Victor Bodrie remembers delivering his first football kicking lesson to Jake Moody like it was yesterday.
Moody was a sixth-grader playing for the Northville Stallions junior football program and the 18-year-old Bodrie was an outstanding high school kicker at Northville High School, where his booming leg earned him a scholarship to play for Ferris State University.
“Our first lesson, I remember Jake brought this little toy football,” Bodrie reflected, chuckling. “I told him right away, ‘We’re going to use my football, OK?’
“It wasn’t long before he was kicking 35-yard field goals, which for a sixth-grader is pretty amazing. I think by the end of his sixth-grade season, he had kicked a 40-yarder.”
While Bodrie was impressed by Moody’s exceptionally strong and accurate leg, something else about the 13-year-old resonated with him more than anything.
“Jake had — and still has — this cool, calm demeanor that a really good kicker needs in pressure situations,” Bodrie said.
“Plus, Jake was incredibly coachable. He soaked in everything I told him. I worked with him until his junior year at Northville when, by that point, I’d basically watch him kick during our sessions and say, ‘Good job!'”
Following a stellar high school kicking career at Northville High School — he kicked three field goals of at least 55 yards or longer as a senior — Moody starred for four seasons at the University of Michigan before the San Francisco 49ers drafted him in the third round of the 2023 NFL Draft.
Despite the pressures that come with kicking in the NFL, Moody has proven to be as unflappable as ever. He has connected on all nine of his field goal attempts (including a 57-yarder against the Los Angeles Rams) for the undefeated 49ers and all 20 of his extra-point attempts.
“Watching Jake succeed like he has brings me a lot of pride,” said Bodrie, now a successful Cadillac, Michigan-based inventor and innovator. “I attended Jake’s first regular-season NFL game in Pittsburgh and he made it a point to wave to me in the crowd before the game.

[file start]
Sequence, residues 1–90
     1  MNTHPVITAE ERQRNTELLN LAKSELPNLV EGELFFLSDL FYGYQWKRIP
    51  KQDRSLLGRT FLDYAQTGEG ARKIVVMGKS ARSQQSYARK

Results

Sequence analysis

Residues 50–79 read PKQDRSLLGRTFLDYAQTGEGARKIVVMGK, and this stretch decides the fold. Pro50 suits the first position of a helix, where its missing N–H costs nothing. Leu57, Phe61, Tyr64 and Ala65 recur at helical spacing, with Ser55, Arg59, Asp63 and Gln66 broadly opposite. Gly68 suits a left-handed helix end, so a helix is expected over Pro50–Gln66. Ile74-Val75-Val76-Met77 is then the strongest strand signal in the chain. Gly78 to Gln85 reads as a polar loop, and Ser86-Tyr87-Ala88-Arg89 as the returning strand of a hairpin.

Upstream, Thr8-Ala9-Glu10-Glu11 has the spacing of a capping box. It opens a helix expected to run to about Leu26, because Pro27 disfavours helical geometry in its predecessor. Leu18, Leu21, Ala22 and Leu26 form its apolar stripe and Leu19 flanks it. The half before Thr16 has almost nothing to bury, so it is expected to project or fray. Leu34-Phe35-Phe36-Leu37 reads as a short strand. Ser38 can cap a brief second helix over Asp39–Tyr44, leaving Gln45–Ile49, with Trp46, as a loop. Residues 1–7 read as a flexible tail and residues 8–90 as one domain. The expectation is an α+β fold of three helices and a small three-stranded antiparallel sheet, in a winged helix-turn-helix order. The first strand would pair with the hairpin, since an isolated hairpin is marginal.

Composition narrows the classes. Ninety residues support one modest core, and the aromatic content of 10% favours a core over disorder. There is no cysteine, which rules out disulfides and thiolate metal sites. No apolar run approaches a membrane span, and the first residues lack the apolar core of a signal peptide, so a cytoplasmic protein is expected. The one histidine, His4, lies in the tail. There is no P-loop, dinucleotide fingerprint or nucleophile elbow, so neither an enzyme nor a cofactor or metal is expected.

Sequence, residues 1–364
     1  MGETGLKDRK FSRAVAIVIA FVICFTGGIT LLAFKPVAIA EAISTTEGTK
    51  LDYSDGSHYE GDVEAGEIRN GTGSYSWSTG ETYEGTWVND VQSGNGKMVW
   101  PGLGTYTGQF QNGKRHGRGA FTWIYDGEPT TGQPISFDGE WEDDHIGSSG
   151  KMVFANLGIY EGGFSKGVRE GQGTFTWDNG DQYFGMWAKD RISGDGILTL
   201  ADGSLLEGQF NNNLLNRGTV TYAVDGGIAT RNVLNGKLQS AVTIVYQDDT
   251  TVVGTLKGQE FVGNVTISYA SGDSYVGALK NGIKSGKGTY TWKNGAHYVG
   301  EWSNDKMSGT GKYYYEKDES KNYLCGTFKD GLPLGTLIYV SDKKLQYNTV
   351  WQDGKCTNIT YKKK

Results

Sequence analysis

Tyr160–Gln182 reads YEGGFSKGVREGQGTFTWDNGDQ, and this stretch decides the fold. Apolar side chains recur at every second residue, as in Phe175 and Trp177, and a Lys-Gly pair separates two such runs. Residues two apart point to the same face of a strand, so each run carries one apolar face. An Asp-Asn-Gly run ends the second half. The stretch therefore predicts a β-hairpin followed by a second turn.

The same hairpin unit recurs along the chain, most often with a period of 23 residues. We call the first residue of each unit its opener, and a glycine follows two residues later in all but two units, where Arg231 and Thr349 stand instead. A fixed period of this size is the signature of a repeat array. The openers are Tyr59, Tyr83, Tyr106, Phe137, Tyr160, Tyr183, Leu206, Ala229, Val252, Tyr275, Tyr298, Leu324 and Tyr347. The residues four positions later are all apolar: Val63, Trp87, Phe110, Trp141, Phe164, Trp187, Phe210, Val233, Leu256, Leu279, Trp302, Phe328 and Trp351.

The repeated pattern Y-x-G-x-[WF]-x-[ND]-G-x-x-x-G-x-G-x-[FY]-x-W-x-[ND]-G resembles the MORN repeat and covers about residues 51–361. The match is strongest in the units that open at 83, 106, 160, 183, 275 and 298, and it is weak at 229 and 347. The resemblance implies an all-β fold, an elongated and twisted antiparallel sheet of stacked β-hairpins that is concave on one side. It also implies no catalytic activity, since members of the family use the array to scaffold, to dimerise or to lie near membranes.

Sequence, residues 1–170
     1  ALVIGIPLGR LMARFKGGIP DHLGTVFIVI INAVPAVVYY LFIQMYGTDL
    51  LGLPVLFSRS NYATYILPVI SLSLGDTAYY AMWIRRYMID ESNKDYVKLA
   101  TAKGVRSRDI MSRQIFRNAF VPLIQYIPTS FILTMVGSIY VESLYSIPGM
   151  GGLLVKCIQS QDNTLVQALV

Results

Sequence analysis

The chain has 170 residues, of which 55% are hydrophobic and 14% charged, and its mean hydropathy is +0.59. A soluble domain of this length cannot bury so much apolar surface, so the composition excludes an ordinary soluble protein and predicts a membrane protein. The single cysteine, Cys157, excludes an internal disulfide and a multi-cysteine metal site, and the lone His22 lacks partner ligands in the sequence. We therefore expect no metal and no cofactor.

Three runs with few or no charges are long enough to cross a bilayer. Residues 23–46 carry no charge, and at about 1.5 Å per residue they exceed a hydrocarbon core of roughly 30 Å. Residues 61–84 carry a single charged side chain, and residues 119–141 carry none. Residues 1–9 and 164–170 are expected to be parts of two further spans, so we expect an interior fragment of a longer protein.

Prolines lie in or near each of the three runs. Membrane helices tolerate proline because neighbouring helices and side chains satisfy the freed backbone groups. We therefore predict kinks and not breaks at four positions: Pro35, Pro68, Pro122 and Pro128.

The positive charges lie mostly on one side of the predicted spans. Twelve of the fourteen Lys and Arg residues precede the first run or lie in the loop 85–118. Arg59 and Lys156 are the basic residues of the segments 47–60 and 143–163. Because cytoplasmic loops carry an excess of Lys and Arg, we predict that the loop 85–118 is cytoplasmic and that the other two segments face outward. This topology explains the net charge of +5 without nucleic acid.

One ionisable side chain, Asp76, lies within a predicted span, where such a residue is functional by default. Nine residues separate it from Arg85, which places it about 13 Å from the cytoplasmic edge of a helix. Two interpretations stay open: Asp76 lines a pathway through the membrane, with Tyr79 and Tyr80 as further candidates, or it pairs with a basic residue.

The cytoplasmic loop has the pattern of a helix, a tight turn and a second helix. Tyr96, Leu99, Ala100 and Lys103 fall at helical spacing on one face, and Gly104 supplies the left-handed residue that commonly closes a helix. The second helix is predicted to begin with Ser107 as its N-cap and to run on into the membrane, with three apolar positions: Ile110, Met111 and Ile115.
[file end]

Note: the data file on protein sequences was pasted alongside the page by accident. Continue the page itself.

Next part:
“It was always my dream to kick in the NFL someday, but watching him make it brings me so much joy.”
Matt Ladach, Moody’s coach throughout his career at Northville, said Moody was athletic enough to hold his own at other positions besides kicker.
“Along with kicking, Jake actually started on our freshman team as a receiver,” Ladach recalled.
“It was obvious right away, though, that Jake was going to be able to contribute to our varsity team as a kicker his freshman season.”
Already blessed with a strong kicker (Nate Lane), Ladach and his staff promoted Moody to varsity early in his freshman season to kick off and kick short field goals.
“It wasn’t too long, though, that we realized Jake was our most accurate kicker, so he took over all of the kicking duties as a ninth-grader,” Ladach said.
“Even though he was the youngest player on the team, Jake was always so confident, but not in a cocky way. He never had any moments when we thought twice about our decision. He was just super cool out there — and he quickly earned the respect of his older teammates.”
‘Stronger and stronger’
Ladach said Moody was on the smaller side stature-wise during his freshman year.
“But he grew every year and his leg just kept getting stronger and stronger,” he added. “Myself and our coaching staff would watch him kick and say, ‘Holy cow! This kid’s really good!'”
Ladach thought the sky (the NFL) was the limit for Moody — and that was confirmed by a college coach who visited Northville on a recruiting trip.
“Myself and another coach, Mark Nowicki, were talking over coffee one day and we both agreed Jake had what it took to kick in the NFL someday,” Ladach said. “The next week, a coach for the Air Force Academy visited and he told us Jake was NFL material.
“It’s been awesome watching him excel at the highest level. It couldn’t happen to a nicer, more-hard-working young man.”
Ed Wright can be reached at 734-664-4657 or email@example.com.